To Modern Times
For the last decade and a half, fans have known Lawler as the announcer who goes over the top a lot in his job, ogling young women and screaming a lot. He has had notable moments as everyone remembers Jim Ross' commentary during the Mankind/Undertaker Hell in the Cell match but Lawler had good lines too like "there's a human being in there who is absolutely indestructible!" and when Taker finally got the pin, spoke for most with "mercifully, this is over!" I also liked during the Hardy Boyz/Edge & Christian ladder match in 1999 how Lawler was moaning over the spots and yelling out "come on, guys, it's only a hundred grand!" He was well known for his artwork and in 1999 even ran for mayor of Memphis. In 2000, he turned face helping Jim Ross against Tazz. He'd also have his real-life wife Stacy Carter come onto the scene as the Kat, leading to a match where she faced Dean Malekno and Terri and Lawler got up from the announce table to help her to a monster pop from the Memphis crowd. Lawler and Kat would work together into 2001 with the storyline of Kat forced to join the Right to Censor. However, in February, Carter was released an in protest, Lawler quit as well. It was a jarring blow to fans to lose him from commentary and his nice presence backstage. To make it worse, just a few months later, Lawler learned Carter had been cheating on him, making his sacrifice meaningless.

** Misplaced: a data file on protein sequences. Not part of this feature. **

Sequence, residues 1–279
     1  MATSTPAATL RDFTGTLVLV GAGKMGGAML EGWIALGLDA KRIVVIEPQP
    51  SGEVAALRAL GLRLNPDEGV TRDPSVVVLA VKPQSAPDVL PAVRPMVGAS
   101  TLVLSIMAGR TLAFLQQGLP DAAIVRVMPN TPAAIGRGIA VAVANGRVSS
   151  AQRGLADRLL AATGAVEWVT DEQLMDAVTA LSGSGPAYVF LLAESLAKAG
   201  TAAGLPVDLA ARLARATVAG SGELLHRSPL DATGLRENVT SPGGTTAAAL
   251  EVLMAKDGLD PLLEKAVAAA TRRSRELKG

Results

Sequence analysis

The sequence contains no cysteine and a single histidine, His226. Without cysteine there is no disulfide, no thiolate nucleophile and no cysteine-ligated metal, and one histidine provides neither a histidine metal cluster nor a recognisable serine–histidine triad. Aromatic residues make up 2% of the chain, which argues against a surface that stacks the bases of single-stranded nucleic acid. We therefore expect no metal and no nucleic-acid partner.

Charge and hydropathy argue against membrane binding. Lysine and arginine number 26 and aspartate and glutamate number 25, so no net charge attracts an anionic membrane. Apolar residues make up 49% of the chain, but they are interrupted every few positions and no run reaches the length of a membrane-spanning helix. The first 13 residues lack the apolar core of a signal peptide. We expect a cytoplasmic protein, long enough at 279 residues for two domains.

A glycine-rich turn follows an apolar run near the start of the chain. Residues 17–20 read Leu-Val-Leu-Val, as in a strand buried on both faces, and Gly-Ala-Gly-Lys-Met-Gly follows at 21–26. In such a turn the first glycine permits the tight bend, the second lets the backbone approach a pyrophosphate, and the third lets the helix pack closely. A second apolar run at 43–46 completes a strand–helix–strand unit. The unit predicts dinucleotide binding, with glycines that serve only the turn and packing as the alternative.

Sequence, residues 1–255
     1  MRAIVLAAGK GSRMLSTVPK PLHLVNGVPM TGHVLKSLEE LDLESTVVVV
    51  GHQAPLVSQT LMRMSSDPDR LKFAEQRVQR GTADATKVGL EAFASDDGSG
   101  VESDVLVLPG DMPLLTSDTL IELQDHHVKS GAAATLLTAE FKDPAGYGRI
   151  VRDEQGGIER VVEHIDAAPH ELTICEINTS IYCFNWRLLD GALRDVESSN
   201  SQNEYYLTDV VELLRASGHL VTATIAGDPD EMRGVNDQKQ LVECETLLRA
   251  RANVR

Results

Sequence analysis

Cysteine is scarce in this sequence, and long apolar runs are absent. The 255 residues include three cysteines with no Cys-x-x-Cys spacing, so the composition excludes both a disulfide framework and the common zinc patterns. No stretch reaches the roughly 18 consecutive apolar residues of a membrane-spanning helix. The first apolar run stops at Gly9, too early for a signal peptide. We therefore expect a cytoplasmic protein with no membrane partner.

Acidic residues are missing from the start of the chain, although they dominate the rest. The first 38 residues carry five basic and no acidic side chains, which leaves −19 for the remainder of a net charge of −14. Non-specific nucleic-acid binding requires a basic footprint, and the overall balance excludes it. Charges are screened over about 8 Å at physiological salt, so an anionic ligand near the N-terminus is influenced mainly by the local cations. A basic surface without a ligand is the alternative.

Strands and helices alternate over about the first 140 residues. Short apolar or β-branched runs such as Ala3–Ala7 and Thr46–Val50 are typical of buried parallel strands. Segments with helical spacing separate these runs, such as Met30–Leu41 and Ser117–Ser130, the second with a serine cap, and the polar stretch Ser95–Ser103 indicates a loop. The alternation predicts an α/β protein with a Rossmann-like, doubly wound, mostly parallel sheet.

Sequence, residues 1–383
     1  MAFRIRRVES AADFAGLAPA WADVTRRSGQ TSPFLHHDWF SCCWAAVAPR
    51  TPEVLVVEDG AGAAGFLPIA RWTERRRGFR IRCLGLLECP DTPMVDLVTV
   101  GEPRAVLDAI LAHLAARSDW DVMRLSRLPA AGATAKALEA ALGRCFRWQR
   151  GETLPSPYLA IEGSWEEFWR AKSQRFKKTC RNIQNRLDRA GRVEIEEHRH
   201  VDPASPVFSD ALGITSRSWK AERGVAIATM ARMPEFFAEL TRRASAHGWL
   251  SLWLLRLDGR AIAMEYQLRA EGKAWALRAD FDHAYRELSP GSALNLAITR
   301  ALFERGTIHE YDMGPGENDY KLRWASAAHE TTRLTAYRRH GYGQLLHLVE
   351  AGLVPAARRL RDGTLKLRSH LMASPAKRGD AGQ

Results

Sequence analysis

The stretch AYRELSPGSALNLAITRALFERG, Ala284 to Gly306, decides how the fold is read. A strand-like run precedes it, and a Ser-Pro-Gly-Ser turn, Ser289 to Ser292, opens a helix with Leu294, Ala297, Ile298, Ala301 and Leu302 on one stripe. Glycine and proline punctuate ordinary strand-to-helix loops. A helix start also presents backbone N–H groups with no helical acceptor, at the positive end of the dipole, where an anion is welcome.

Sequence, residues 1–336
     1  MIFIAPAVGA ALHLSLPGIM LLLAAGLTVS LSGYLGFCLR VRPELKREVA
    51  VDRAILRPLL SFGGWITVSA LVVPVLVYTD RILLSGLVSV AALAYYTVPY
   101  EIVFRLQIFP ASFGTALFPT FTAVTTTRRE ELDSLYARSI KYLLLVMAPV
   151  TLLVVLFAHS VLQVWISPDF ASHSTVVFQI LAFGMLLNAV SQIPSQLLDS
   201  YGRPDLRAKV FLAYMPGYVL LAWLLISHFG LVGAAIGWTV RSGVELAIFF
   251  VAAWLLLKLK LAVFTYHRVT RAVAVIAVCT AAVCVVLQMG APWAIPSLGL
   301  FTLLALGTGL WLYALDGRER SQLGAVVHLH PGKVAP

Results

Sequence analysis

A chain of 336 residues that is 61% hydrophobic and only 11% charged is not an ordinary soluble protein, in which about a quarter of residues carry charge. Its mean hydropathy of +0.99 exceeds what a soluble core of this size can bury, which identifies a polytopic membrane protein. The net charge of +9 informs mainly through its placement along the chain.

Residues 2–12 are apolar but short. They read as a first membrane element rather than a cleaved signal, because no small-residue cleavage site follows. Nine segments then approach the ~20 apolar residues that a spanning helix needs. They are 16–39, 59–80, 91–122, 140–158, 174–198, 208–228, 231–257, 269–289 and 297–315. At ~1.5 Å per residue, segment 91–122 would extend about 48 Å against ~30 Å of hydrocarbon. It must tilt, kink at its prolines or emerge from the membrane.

Thankfully, by November, tempers had cooled and the King was hired back, making his return the night after Survivor Series to a huge pop from the fans and hails from Ross. In 2003, he and Ross were involved in a rather sad program facing Al Snow and Jonathan Coachman for who'd get to be the commentary team on RAW and the less said the better. He reached a nice zenith in 2007 being elected to the WWE Hall of Fame and a feud with Booker T over the "King" label. He's bounced around various feuds, standing up for other veterans against the likes of Chris Jericho and the Miz. His feud with Michael Cole may not be a good thing for fans to remember but it allowed Lawler some nice spotlights like a match at Wrestlemania and the great bit of beating Cole in a "kiss my foot match" and Bret Hart coming out to aid Lawler in forcing Cole to kiss his toes, a fun full circle bit.
It's telling how fans seemed to overlook all that until his heart attack. This shock, the near loss of a guy who has been such a part of the wrestling world for so long, has reminded you of how you need to appreciate folks while we still have them. It's good to see him recovering well and sure to get a royal welcome when he makes his return. So for all his many fans, thank you for so much, King and hope to see your reign continue for a long time to come.